- The Washington Times - Wednesday, June 22, 2005

PITTSBURGH — If the Washington Nationals are going to maintain their place atop the National League East and make a successful run at a division title, it’s going to come by virtue of their pitching staff.

The Nationals know this. Manager Frank Robinson knows this. And general manager Jim Bowden knows this, which is why Bowden remarked before last night’s game against the Pittsburgh Pirates that his club’s top priority approaching the trade deadline is “pitching, pitching, pitching.”

Bowden knows the Nationals have ascended to such lofty heights for many reasons but none more important than the collective work of their starting rotation. Entering last night, that unit had posted a 3.11 ERA over its last 17 games. Is it any wonder Washington won 14 of those?

Is it also any wonder the Nationals’ 11-4 loss to the Pirates last night was a direct result of a poor start from Ryan Drese, who was unceremoniously yanked by Robinson in the fourth after surrendering five runs and falling behind the opposing pitcher in the pitch count?

“That’s something we didn’t want, to have to go to the bullpen that deep tonight,” said Robinson, who wound up needing five pitchers over eight innings. “But it didn’t look like [Drese] was going to be able to stop the tide, so we had to see if somebody else could.”

Upon claiming Drese off waivers from Texas 11 days ago, Washington (41-30) named the right-hander its No.5 starter, filling the hole created by Tomo Ohka’s trade to Milwaukee.

Drese (1-1) may yet prove an adequate replacement for Ohka, who had a 3.33 ERA at the time of the deal. He pitched brilliantly in his debut last week in Anaheim, tossing eight shutout innings.

But he was nowhere close to that form last night, laboring through a 56-pitch outing and wasting some early offensive support against Pirates ace Oliver Perez.

That’s not going to cut it for long with the Nationals, especially if rotation stalwarts Esteban Loaiza and John Patterson continue to be plagued by back problems. Nagging injuries to both of those right-handers could leave Robinson with no fresh starter for today’s series finale at PNC Park. Patterson said last night he believes he can make his scheduled start, but if neither he nor Loaiza can go, Robinson is likely to call upon Sun-Woo Kim three days after he threw 87 pitches in Texas.

“I’m just going to have to wait, see if one of them can go,” the manager said.

Last night, the Nationals tried to give their starting pitcher a comfortable cushion, taking it to Perez (6-5) early on Brad Wilkerson’s leadoff homer and Jose Guillen’s two-run double in the third.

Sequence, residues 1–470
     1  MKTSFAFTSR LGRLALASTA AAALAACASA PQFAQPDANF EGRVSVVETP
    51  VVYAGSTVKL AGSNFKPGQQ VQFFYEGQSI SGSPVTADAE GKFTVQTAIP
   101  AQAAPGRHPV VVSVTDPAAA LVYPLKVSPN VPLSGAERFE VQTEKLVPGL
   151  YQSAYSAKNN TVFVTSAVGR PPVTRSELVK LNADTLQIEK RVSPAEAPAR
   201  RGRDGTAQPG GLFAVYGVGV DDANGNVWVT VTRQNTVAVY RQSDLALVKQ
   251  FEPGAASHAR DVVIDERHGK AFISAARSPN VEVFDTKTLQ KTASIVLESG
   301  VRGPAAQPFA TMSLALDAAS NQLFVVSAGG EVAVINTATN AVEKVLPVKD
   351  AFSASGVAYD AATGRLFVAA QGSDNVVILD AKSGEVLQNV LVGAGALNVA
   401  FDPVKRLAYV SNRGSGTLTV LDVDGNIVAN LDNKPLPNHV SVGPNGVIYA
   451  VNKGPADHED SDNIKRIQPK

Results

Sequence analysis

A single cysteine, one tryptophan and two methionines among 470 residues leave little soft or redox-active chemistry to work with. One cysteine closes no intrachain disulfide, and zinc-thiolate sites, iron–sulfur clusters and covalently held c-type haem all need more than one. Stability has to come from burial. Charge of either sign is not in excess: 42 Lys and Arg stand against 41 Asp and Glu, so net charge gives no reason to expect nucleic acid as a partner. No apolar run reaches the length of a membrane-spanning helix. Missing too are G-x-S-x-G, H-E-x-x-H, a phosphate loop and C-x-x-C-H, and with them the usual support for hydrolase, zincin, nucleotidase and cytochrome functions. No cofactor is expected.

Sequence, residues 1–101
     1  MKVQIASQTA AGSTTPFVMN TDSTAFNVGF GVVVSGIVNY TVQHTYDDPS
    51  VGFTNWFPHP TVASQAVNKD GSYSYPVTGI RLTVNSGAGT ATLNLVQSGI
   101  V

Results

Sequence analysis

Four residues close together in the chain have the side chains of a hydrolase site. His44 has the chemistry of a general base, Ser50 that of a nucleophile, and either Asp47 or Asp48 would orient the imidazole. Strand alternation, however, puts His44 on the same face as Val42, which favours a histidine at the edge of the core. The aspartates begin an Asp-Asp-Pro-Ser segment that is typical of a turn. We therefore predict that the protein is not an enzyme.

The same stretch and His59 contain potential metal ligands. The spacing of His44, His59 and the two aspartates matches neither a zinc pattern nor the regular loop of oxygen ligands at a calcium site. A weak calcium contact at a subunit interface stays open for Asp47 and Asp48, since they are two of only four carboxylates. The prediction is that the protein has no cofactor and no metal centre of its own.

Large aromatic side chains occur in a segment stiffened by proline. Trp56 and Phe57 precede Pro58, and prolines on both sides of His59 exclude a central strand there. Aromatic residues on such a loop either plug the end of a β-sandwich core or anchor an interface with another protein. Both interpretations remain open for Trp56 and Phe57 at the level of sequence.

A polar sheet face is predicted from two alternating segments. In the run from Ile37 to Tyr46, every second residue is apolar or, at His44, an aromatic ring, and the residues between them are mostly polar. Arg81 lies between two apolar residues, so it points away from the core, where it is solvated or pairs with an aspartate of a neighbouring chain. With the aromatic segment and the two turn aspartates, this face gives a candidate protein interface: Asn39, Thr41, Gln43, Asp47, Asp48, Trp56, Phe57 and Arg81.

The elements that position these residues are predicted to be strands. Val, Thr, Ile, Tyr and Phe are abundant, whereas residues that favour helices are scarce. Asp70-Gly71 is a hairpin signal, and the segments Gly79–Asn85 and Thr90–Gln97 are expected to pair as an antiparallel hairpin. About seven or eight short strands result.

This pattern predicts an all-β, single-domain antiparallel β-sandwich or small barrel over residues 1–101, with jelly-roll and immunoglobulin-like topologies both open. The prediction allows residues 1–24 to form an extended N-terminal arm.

The way things were going, it looked like Washington would have its way with Perez all night, but the left-hander settled down after the third and kept the Nationals off the scoreboard until he departed in the sixth.

That posed a problem for Robinson because he wasn’t getting a quality outing from his starter.

Six days after his impressive debut against the Angels, Drese struggled mightily. Given a 1-0 lead before he even took the mound, he immediately gave two runs back on four singles and a walk. A pair of doubles and a pair of groundouts in the third led to two more runs, so by the time Drese surrendered a leadoff double to Jack Wilson to open the fourth, Robinson’s temperature was already running hot.

The final straw came moments later, when Drese fell behind Perez — who was trying to sacrifice — with a 2-1 count. This, after he already had walked Perez on five pitches his previous time up. So continuing a trend he started earlier this year with Ohka and Zach Day, Robinson walked to the mound in the middle of an at-bat and pulled his pitcher right then and there.

“I was [surprised], but it was his decision. It’s part of the game,” Drese said. “We were trying to throw high fastballs [to Perez], get him to pop it up. And that’s what I did. The 2-1 count, I was going to come back down, but then I got taken out.”

An obviously frustrated Drese trudged back to the dugout without saying a word to his manager, but it was hard to dispute Robinson’s logic. Drese offered few signs he was going to turn things around, and Robinson already has made it clear this year he’s going to do whatever he feels is necessary to win every single game.

“[Drese] hasn’t been here, but I’ve seen it on many occasions,” Wilkerson said. “It’s not the first time I’ve seen it, and it won’t be the last.”

Though the move worked at first — relievers Hector Carrasco and Travis Hughes came through with a combined three hitless innings — the back end of the Nationals’ bullpen didn’t hold up its end of the bargain. Despite cutting the lead to 5-4 on Vinny Castilla’s seventh-inning sacrifice fly, Luis Ayala and Gary Majewski gave the run (and five more) right back over the next two innings and turned the game into a rout.

“We kept answering back, and then they kept answering back,” Wilkerson said. “It’s just tough. You can only do it so many times.”

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